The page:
My brother is an accomplished musician. I vividly remember his dedication to classical piano and guitar when we were both children—even though he got little encouragement and no music lessons outside of school. I always felt that was wrong. A talent like his should have been nurtured. So when my son asked to play the violin at the age of five, I immediately rented him a scaled-down instrument, signed him up for lessons, and even tried to learn myself so I could help him practice. While I learned to play a few tunes, he begged to quit from almost the first lesson. I made him keep at it for a few months before we gave up. Two years later he still adamantly refuses to have anything to do with music. Were my parents right?
Is it Best to Let a Kid Struggle for His Art?
“It sounds to me like you did everything right,” says Mike Blakeslee, Deputy Executive Director of the National Association for Music Education.“Sometimes parents push a kid toward music or a particular instrument but you let him ask first. Is it possible that the style of instruction he got wasn’t a good fit?”
Yes, that’s possible. His teacher did a pretty good job of making the process boring—especially for someone his age. She came highly recommended though, so I stuck with her.
What's the Right Age to Start?
Maybe I just started him too young? “The right age to start a child is a judgment call each parent has to make for each child,” agrees Blakeslee. The child has to be able to sit still and pay attention through a 30-minute lesson. The age at which each child achieves that varies but usually occurs between ages four and six. And there are some size restrictions too. Some instruments can’t be scaled down enough for a child’s small body. A kid needs to be about ten to play the guitar for example.
Some music programs—such as The Suzuki Method—teach children as young as two but they usually just play games, march about with the instrument, get comfortable holding it, and generally toy with the idea—all important stuff.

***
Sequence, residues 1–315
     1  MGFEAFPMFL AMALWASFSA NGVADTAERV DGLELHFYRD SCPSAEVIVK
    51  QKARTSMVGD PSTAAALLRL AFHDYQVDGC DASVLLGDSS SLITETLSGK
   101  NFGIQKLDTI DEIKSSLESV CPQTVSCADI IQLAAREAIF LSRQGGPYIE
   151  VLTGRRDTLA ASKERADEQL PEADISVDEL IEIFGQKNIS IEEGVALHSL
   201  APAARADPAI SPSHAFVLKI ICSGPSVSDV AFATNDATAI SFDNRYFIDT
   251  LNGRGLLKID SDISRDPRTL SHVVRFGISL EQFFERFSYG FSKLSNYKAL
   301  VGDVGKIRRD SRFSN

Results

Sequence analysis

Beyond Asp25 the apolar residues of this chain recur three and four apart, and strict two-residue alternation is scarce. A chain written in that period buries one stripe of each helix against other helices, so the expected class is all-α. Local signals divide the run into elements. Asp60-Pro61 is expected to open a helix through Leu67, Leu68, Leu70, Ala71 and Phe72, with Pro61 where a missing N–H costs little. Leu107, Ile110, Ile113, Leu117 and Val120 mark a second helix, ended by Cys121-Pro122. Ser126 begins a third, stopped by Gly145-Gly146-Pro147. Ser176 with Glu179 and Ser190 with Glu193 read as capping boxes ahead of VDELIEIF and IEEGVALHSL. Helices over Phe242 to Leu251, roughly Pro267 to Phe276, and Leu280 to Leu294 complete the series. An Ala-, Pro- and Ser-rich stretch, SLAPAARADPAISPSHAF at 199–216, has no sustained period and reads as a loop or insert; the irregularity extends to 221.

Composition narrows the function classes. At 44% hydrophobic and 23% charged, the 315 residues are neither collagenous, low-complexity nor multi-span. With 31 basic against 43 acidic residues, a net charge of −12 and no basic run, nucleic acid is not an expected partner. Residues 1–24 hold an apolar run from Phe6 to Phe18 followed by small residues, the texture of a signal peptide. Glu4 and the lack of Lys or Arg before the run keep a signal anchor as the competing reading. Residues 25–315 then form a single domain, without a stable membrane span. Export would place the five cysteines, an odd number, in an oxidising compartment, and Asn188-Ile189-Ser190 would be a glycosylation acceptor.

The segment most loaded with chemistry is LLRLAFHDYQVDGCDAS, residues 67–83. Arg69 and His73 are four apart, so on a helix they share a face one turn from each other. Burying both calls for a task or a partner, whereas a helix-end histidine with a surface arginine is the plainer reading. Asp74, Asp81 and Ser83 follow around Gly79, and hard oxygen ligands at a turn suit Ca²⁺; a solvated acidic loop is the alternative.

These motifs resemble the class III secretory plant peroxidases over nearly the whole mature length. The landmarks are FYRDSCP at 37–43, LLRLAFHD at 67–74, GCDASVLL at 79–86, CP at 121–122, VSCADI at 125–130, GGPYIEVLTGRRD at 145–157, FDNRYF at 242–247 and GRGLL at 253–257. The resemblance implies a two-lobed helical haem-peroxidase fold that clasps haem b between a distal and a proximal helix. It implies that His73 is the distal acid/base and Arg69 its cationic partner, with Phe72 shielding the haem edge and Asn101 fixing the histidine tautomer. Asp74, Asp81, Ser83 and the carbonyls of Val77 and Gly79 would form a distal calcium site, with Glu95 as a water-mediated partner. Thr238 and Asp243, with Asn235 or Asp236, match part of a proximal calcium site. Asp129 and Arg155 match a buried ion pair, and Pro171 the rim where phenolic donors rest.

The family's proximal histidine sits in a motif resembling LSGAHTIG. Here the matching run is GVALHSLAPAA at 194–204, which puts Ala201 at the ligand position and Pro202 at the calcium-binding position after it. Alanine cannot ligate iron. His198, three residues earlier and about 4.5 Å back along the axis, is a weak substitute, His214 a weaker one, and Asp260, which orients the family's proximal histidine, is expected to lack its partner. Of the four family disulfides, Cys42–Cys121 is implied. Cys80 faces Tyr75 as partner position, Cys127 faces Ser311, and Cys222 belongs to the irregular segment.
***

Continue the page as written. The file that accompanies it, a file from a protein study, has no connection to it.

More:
How to Approach Music Lessons?
One approach is to first buy an instrument and let the child play with it before signing up for lessons. “You can compare playing an instrument to, say, playing basketball,” answers Blakeslee. “A kid can shoot at the hoop over and over again and—even without instruction—learn a great deal. That’s because muscle memory is an important part of the sport—just as with playing an instrument. Still the way you hold the instrument and your posture are extremely important. Muscles can learn bad habits quickly without instruction. I think finding a teacher to get him excited about playing would be a better idea.”
Blakeslee suggests finding a teacher who offers a trial lesson to see if the child and teaching style are a good fit. Most instructors are professional enough to understand if you decide their style won’t work for your child. Finding the right teacher can be a difficult process. Even a highly recommended teacher might be wrong for some children.
“Managing a child’s expectations is also an important part of getting past the early, drudgery stages of learning an instrument,” says Blakeslee. Kids imagine that they will pick up the instrument and instantly play beautiful music in front of a devoted following. When the noise they make causes their own parents to flee the scene, they want to give up. It’s important to let them know ahead of time what to expect. And while heaping on false praise will only make you an unreliable source, there is usually some small progress a child makes each time she plays. Find something you can honestly praise so she feels good about how she is doing.
Watch Kids Perform
Blakeslee suggests that bringing a child to see other kids perform will help your future Yo Yo Ma see music as something her peers are also doing and give her an idea of what real kids sound like when they play. Watching Yehudi Menuin is probably intimidating even for an accomplished violinist, but watching a five-year-old murder Twinkle, Twinkle Little Star yet get applause can do wonders for helping a youngster set realistic expectations.